Post apocalyptic fantasy is nothing new. The seemingly endless horde of zombie movies that’s flooded cinemas in recent years shows that audiences just love imagining a world after devastation.  Perhaps it speaks to our desire for escapism from reality – in many ways, real life is boring. Sure, it would certainly have it downsides, but a little nuclear explosion, zombie uprising, or a cataclysmic act of nature bringing humanity to its knees would definitely liven things up, wouldn’t it?

The Monster In Me takes our natural curiosity with being one of the last remnants of civilisation, and runs with it. It’s a short, narrative game that can be played to completion multiple times in one session, so you can keep trying out different ways of playing, to arrive at different conclusions. It’s also free to download on Itch.io if you want to give it a try.

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The narrative itself is simple. Everyone you’ve ever known and loved is dead and gone. In the fallout of the end of the world, you band together with two other survivors. There’s Jacob, the quintessential tough guy who’ll do whatever it takes to survive, and there’s Ana, the ever-hopeful optimist who’s desperate to hold onto her humanity (and eat peaches. She loves peaches.) You’re tasked with one simple mission: Keep yourself and your new companions alive.

The exact nature of the apocalypse is unclear. We know that we’re hiding from the people outside, roaming the streets, and we know they’re armed with guns. On my first play through, I thought it was a nuclear apocalypse. This sense of mystery helps keep the game interesting.

If you hope to survive the end of civilisation, you’ll need to make the right decisions at key junctures within the story. Let me give you an example. A mother and child finds your hiding place and begs to be let in. You could let them in, but you only have a finite amount of food, and if you let them in, that’s just two more mouth to feed. Of course, you could just leave them out in the cold to die, but if you do that, the repercussions on the mental health of your party could be disastrous.

I find games like this fascinating. We tend to expect games to be “fun” but by putting the player in situations where they’re forced to make difficult decisions, games like The Monster in Me create an entirely different kind of experience. The parallels between it and This War of Mine should be fairly obvious. You’re being tested on your survival instincts. You’re forced to make painful decisions, but by offering players an opportunity to test their own moral fibre, we give the player an opportunity to take a deeper look at themselves.

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From a gameplay standpoint, it’s ultimately a balancing act. You’re placed in the middle of a series of arguments between Jacob and Ana. Jacob represents the necessity to survive, and he’ll push you to make difficult decision in the hopes of surviving. Ana represents your humanity, and she’ll push you to try to be kind. To survive the direness of the situation, you need to find an appropriate balance between the two, but whenever you side with one of them, you risk upsetting the other. Both characters have a morale stat, and depending on who you side with in each of the arguments, you can make one of your party members happier, and one of them less content. Depending upon how the group is feeling at the end of the story, you can arrive at a total of 24 different endings, ranging from survival, to devastating failure.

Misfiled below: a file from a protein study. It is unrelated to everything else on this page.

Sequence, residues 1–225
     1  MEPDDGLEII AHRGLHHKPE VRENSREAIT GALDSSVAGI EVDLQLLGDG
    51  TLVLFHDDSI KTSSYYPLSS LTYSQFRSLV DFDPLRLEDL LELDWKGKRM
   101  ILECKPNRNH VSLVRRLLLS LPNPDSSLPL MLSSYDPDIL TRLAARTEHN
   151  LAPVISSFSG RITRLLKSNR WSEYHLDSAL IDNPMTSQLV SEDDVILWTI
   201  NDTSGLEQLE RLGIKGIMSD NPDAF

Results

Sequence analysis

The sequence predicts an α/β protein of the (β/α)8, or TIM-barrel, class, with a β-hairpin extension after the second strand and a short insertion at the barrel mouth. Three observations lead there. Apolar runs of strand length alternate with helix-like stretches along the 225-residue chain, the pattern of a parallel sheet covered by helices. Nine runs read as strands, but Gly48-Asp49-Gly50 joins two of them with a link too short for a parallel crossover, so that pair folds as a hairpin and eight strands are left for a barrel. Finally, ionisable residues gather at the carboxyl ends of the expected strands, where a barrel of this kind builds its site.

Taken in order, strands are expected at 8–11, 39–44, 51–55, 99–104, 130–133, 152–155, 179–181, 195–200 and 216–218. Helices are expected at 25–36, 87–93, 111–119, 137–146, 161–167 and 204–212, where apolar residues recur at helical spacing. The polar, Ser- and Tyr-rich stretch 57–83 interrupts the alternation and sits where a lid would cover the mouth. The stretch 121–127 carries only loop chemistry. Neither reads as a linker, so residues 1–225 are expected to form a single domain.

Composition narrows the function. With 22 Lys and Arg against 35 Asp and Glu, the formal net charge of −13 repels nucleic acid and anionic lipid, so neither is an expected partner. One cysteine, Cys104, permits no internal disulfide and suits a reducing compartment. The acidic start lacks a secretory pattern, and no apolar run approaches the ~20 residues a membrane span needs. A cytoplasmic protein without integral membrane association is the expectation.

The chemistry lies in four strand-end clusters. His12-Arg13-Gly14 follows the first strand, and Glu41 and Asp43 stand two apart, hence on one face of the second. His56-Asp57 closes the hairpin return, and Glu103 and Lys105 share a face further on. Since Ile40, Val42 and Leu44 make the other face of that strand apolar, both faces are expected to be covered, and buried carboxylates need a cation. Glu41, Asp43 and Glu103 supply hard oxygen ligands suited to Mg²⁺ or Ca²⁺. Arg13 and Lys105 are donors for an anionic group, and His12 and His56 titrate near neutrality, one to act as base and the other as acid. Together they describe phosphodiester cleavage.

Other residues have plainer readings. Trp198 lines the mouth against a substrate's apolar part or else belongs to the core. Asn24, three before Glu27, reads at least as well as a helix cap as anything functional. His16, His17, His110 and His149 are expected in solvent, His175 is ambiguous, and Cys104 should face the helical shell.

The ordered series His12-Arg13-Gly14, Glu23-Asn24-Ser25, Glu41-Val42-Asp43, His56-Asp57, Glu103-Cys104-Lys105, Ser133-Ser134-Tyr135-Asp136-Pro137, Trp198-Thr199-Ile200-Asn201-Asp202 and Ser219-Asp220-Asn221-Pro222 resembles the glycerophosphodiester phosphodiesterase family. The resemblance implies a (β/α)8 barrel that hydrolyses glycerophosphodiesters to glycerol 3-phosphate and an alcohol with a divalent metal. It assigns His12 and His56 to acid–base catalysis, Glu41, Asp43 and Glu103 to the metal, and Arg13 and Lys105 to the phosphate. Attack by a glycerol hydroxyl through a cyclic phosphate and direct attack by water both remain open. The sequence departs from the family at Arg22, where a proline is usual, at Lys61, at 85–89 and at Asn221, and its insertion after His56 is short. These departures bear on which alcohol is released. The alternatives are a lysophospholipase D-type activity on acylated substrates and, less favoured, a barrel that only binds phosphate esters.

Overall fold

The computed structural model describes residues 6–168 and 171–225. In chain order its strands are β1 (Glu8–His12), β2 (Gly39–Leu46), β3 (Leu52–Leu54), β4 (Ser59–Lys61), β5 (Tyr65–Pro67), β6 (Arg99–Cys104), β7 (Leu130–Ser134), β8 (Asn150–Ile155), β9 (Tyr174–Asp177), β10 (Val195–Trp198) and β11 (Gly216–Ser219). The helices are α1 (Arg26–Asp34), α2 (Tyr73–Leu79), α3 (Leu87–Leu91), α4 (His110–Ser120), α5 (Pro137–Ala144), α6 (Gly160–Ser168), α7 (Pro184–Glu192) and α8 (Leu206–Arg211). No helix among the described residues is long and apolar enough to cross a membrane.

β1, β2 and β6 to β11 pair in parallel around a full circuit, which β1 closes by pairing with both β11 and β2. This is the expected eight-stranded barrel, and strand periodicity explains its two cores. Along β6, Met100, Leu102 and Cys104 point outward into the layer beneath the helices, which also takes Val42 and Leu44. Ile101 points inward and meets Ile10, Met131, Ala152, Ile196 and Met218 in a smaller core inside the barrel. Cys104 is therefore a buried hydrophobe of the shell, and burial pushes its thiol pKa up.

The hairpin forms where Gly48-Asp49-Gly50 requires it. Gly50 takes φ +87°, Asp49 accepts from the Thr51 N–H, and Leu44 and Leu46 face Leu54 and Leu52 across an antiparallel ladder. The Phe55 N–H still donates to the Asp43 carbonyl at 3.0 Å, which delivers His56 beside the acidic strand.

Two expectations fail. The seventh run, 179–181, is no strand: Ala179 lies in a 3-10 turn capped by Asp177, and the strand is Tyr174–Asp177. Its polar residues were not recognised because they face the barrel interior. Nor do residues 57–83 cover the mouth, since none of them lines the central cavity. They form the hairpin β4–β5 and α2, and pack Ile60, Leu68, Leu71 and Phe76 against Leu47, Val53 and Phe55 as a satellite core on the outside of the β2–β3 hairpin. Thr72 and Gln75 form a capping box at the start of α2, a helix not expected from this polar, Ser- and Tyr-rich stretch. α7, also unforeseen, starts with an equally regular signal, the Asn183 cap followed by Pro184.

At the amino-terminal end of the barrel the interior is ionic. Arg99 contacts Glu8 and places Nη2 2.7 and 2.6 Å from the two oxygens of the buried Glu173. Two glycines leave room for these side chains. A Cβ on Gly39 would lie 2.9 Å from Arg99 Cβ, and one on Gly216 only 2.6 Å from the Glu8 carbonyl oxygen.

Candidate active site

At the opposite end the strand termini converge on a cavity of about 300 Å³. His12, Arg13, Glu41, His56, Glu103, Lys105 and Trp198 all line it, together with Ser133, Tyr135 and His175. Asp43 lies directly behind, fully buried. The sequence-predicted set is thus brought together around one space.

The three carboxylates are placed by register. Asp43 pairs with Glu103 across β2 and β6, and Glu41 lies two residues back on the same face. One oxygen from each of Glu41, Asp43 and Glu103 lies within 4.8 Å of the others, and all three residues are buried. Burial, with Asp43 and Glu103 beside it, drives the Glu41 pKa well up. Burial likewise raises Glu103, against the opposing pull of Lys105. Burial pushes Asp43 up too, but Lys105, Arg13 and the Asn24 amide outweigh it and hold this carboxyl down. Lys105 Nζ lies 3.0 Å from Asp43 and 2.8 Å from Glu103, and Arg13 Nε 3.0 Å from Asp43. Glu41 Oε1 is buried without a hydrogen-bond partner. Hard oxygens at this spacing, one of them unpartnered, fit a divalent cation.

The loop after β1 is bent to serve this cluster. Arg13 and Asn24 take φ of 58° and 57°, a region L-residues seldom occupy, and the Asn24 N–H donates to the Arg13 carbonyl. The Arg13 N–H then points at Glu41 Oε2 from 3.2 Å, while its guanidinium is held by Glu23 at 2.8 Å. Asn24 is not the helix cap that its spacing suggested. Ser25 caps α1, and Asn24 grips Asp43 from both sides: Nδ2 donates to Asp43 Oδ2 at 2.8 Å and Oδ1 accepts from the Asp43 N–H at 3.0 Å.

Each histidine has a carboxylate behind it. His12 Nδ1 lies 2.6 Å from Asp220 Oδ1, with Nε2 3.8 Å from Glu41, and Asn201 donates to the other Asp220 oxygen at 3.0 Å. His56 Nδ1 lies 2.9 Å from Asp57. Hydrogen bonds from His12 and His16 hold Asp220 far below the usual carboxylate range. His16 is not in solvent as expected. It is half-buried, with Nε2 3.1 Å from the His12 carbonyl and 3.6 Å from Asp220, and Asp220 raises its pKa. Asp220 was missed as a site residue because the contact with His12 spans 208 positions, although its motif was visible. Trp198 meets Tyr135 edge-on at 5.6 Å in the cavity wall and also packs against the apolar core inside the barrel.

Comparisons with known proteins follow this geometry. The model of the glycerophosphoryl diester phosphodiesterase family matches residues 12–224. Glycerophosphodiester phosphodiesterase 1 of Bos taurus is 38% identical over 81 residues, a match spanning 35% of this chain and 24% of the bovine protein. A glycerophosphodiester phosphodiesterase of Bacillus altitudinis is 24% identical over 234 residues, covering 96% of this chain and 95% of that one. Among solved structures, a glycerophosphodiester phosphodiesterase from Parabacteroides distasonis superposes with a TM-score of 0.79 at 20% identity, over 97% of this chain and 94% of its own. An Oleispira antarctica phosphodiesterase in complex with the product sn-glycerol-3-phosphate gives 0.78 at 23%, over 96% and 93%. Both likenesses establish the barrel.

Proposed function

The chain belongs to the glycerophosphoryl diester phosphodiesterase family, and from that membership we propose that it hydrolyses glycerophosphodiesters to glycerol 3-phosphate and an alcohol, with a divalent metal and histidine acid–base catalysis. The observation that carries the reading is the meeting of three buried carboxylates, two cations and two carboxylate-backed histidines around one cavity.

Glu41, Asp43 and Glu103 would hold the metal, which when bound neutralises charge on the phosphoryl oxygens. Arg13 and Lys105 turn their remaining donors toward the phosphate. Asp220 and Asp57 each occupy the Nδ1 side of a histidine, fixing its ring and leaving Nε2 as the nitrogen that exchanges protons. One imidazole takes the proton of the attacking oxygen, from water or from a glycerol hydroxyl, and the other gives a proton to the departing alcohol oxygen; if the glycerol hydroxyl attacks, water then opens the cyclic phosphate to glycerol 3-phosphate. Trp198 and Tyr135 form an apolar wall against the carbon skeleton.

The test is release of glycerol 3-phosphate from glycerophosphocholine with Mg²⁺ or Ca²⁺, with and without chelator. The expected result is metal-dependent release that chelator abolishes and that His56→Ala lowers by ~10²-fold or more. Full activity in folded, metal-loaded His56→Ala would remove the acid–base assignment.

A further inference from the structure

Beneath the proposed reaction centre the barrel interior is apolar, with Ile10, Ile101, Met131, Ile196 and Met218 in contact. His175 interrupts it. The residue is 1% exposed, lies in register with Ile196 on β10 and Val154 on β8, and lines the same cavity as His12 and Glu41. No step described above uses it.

Oh, and if you screw up, this game will punish you. On my first play through, Jacob abandoned us to protect himself, leaving Ana and myself to be brutally murdered in our sleep. I can’t say I was surprised. All the warning signs were there. Throughout the story, I’d been repeatedly siding with Ana, choosing the human option at each juncture. I knew my Mr. Nice Guy routine was going to backfire on me eventually.

If I was going to survive, I needed to develop more of a killer instinct. I needed to make the difficult decisions, and risk upsetting Ana. I mean, she’s definitely better alive and pissed off with Jacob and I, than dead because I couldn’t take the decisive decisions when I needed to. I had to try my best to make some of the more difficult decisions.

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On my second play through, I tried to achieve a balance between survival and humanity. On some occasions, I sided with Jacob, and on others, I sided with Ana. The plot took a different path, and this time, we all survived. All the setup was there for a happy ending, and yet, it still left ashes in my mouth. We all managed to survive, but it was a bittersweet finale. To save ourselves, we’d been forced to commit an act of murder. No one was happy about it.

And that’s what makes The Monster In Me such an interesting game to play. It forces you to take a look at yourself, and question your own morality. You essentially have a devil on one shoulder and an angel on the other. If the devil offered to save your life, in exchange for your soul, would you take the offer? Having played the game through three times, I’ve never found a truly “happy” ending.

But then again, is it even possible to create a happy ending in such a devastating situation? Perhaps I did find the best ending – perhaps survival really is the best you can hope for? Or perhaps there is a scenario where you can still listen to the angel on your shoulder, and still survive, and still keep the group together. I’m going to hang on to hope. There are still 21 different endings left for me to find.

Then again, maybe I’m just too optimistic… There’s a sentence I never thought I’d write…